Hogestatt, E.D.
    Högestätt, E.D., Department of Clinical Chemistry and Pharmacology, Lund University Hospital, Lund, Sweden.
    Zygmunt, P.M.
    Department of Clinical Chemistry and Pharmacology, Lund University Hospital, Lund, Sweden.
    Distribution and Function of the Hydrogen Sulfide-Sensitive TRPA1 Ion Channel in Rat Urinary Bladder2008In: European Urology, ISSN 0302-2838, E-ISSN 1873-7560, Vol. 53, no 2, p. 391-400Article in journal (Refereed)
    Abstract [en]

    Objectives: To investigate the distribution of the transient receptor potential (TRP) A1 ion channel in the rat urinary bladder, and to study the effects of hydrogen sulfide (H2S) and known TRPA1 activators on micturition in conscious rats and on heterologously expressed ion channels. Methods: The expression of TRPA1 in urinary bladder was studied with fluorescence immunohistochemistry and real-time PCR in female Sprague-Dawley rats. Cystometric investigations were performed in conscious animals subjected to intravesical administration of sodium hydrogen sulfide (NaHS, donor of H2S), allyl isothiocyanate (AI), and cinnamaldehyde (CA). Fluorometric calcium imaging was used to study the effect of NaHS on human and mouse TRPA1 expressed in CHO cells. Results: TRPA1 immunoreactivity was found on unmyelinated nerve fibres within the urothelium, suburothelial space, and muscle layer as well as around blood vessels throughout the bladder. All TRPA1 immunoreactive nerves fibres also expressed TRPV1 immunoreactivity and vice versa. TRPA1 was also detected in urothelial cells at both transcriptional and protein levels. AI increased micturition frequency and reduced voiding volume. CA and NaHS produced similar changes in urodynamic parameters after disruption of the urothelial barrier with protamine sulfate. NaHS also induced calcium responses in TRPA1-expressing CHO cells, but not in untransfected cells. Conclusions: The expression of TRPA1 on C-fibre bladder afferents and urothelial cells together with the finding that intravesical TRPA1 activators initiate detrusor overactivity indicate that TRPA1 may have a role in sensory transduction in this organ. The study also highlights H2S as a TRPA1 activator potentially involved in inflammatory bladder disease. © 2007.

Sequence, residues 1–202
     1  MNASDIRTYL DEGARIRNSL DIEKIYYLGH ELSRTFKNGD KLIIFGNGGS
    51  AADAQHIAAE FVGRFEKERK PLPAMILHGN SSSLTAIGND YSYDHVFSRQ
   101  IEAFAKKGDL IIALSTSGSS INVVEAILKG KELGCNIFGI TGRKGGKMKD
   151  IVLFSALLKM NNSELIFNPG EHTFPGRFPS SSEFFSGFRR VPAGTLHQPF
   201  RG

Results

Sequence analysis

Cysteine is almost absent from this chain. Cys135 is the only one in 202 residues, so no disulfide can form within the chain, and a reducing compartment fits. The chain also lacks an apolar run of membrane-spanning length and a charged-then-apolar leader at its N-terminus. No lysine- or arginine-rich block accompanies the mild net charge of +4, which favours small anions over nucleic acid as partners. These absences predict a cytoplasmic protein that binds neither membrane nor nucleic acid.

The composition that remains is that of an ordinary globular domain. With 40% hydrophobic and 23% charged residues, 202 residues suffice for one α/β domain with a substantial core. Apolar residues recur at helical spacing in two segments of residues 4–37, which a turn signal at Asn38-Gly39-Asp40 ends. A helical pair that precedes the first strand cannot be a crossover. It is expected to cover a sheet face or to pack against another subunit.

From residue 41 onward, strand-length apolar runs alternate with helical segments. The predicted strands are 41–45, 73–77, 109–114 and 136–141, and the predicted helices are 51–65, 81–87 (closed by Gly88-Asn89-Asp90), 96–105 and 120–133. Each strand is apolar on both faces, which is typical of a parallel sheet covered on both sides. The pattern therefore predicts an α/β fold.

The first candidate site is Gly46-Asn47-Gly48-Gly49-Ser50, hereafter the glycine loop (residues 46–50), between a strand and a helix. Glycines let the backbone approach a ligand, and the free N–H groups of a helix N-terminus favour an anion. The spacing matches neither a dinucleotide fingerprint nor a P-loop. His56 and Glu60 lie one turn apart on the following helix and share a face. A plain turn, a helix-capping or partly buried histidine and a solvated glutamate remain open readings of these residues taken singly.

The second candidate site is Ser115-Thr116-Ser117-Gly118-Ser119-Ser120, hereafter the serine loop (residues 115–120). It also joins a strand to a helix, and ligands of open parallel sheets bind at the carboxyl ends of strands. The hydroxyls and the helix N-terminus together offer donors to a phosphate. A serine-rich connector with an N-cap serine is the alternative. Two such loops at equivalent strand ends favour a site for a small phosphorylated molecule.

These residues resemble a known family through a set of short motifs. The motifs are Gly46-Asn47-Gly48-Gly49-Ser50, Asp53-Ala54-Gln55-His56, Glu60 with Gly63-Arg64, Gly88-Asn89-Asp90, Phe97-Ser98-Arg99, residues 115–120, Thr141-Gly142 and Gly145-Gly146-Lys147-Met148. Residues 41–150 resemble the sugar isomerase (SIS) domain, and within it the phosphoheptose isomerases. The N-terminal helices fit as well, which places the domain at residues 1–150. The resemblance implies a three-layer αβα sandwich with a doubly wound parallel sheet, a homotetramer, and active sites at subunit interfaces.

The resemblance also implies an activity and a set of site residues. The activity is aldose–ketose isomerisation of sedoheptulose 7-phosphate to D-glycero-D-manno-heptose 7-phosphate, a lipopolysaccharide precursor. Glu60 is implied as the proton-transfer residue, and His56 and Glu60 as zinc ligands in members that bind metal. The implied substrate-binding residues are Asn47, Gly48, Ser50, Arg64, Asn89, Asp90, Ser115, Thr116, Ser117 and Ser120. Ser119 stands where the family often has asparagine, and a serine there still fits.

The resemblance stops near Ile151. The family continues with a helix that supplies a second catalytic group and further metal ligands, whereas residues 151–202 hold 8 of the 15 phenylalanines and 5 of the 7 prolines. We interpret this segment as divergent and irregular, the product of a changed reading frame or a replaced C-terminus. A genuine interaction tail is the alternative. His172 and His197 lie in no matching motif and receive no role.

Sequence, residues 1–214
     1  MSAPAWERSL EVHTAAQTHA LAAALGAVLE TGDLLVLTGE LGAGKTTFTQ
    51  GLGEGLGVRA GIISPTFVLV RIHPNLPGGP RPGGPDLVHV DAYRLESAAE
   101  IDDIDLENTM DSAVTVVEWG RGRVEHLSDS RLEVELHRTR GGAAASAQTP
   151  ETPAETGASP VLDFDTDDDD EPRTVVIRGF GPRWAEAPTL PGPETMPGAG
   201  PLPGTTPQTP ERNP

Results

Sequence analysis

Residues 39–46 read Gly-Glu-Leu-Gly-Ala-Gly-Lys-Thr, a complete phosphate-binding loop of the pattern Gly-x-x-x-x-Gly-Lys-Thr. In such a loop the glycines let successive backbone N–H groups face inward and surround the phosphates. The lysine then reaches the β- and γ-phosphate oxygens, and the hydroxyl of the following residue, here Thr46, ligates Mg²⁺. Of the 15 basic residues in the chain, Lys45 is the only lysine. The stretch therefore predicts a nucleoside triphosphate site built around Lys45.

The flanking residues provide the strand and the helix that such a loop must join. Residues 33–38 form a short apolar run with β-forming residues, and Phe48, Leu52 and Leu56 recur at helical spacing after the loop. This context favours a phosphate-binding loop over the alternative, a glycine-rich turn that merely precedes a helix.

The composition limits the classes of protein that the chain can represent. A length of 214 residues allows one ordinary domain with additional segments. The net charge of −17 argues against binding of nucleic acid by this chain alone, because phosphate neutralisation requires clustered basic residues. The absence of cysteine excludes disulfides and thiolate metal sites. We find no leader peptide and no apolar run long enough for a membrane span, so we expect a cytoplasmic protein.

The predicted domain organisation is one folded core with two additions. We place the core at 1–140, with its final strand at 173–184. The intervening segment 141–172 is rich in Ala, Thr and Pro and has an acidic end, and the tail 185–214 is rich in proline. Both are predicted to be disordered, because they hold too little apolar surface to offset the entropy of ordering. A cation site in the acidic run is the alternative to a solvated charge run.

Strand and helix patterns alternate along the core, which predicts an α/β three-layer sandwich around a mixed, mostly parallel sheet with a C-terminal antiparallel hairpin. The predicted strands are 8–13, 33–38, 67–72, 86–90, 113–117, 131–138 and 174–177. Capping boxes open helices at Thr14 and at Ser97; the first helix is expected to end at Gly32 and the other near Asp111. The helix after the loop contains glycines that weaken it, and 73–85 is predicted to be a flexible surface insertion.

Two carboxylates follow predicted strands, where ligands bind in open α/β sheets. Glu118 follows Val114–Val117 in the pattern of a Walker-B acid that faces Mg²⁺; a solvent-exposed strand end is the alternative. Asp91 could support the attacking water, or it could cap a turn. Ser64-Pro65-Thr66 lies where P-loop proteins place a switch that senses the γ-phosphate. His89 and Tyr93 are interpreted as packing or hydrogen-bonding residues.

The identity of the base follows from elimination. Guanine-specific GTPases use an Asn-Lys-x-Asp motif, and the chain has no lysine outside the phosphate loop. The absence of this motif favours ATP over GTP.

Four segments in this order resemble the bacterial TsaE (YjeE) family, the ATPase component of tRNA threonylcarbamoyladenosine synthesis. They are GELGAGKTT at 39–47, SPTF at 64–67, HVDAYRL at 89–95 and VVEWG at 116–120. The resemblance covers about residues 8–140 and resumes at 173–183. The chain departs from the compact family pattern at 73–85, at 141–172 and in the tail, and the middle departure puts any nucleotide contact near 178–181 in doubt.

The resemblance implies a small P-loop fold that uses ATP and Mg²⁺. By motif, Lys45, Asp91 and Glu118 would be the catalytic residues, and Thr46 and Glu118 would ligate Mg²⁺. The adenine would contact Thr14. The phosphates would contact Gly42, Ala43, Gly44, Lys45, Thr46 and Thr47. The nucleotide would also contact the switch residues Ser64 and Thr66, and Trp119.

• 21.
    Strittmatter, F.
    et al.
    Munich University, Germany.
    Gandaglia, G.
    San Raffaele University, Milan, Italy.
    Benigni, F.
    San Raffaele University, Milan, Italy.
    Bettiga, A.
    San Raffaele University, Milan, Italy.
    Rigatti, P.
    San Raffaele University, Milan, Italy.
    Montorsi, F.
    San Raffaele University, Milan, Italy.
    Gratzke, C.
    Munich University, Germany.
    Stief, C.
    Munich University, Germany.
    Colciago, G.
    San Raffaele University, Milan, Italy.
    Hedlund, Petter
    Linköping University, Department of Medical and Health Sciences, Division of Drug Research. Linköping University, Faculty of Health Sciences. Östergötlands Läns Landsting, Center for Diagnostics, Department of Clinical Pharmacology. San Raffaele University, Milan, Italy.
    Expression of fatty acid amide hydrolase (FAAH) in human, mouse, and rat urinary bladder and effects of FAAH inhibition on bladder function in awake rats2012In: European Urology, ISSN 0302-2838, E-ISSN 1873-7560, Vol. 61, no 1, p. 98-106Article in journal (Refereed)
    Abstract [en]

    BACKGROUND:

    Cannabinoid receptor (CB)-mediated functions may be involved in the regulation of bladder function, but information on endocannabinoid signals during micturition is scarce.

    OBJECTIVE:

    Investigate the expression of the endocannabinoid-degrading enzyme fatty acid amide hydrolase (FAAH) in human, rat, and mouse bladders and study the effects of inhibition of FAAH during urodynamics in awake rats.

    DESIGN, SETTING, AND PARTICIPANTS:

    Bladder tissue from humans, mice, and rats was used for measurements. Female Sprague-Dawley rats were administered the FAAH inhibitor oleoyl ethyl amide (OEtA) or vehicle intravenously (IV) or intravesically (IVES) with or without rimonabant (CB1 antagonist) or SR144528 (CB2 antagonist).

    MEASUREMENTS:

    Real-time transcriptase-polymerase chain reaction, Western blot, immunohistochemistry, and cystometry in awake rats.

    RESULTS AND LIMITATIONS:

    Messenger RNA and protein for FAAH was expressed in the mucosa of human, mouse, and rat urinary bladders. Immunoreactivities for FAAH and CB2 were codistributed in rat and human urothelium. IV OEtA (0.3mg/kg) to rats increased intercontraction intervals (ICIs), micturition volume (MV), bladder capacity (BC), and threshold pressure (TP) by 17±1%, 16±1%, 17±1%, and 19±5%, respectively (all p<0.05 vs baseline). IVES OEtA (1 and 10mg/l) in rats dose-dependently increased (p<0.05 vs baseline) ICI (19±2% and 35±5%), MV (15±3% and 32±4%), BC (16±2% and 34±4%), and TP (15±1%, 21±3%). SR144528 (IVES 5mg/l) abolished all effects of OEtA, whereas rimonabant only counteracted effects of OEtA on TP.

    CONCLUSIONS:

    Bladder mucosa of all species expressed FAAH. Rat and human urothelium coexpressed FAAH and CB2. The FAAH inhibitor OEtA altered urodynamic parameters that reflect sensory functions of micturition in rats. Suggesting a role for the endocannabinoid system in bladder mechanoafferent functions of rats, effects of IVES OEtA were abolished by an IVES CB2 antagonist and partly counteracted by an IVES CB1 antagonist.

     

     

  • 22. Tyrrell, CJ
    et al.
    Altwein, JE
    Klippel, F
    Jurincic-Winkler, C
    Varenhorst, Eberhard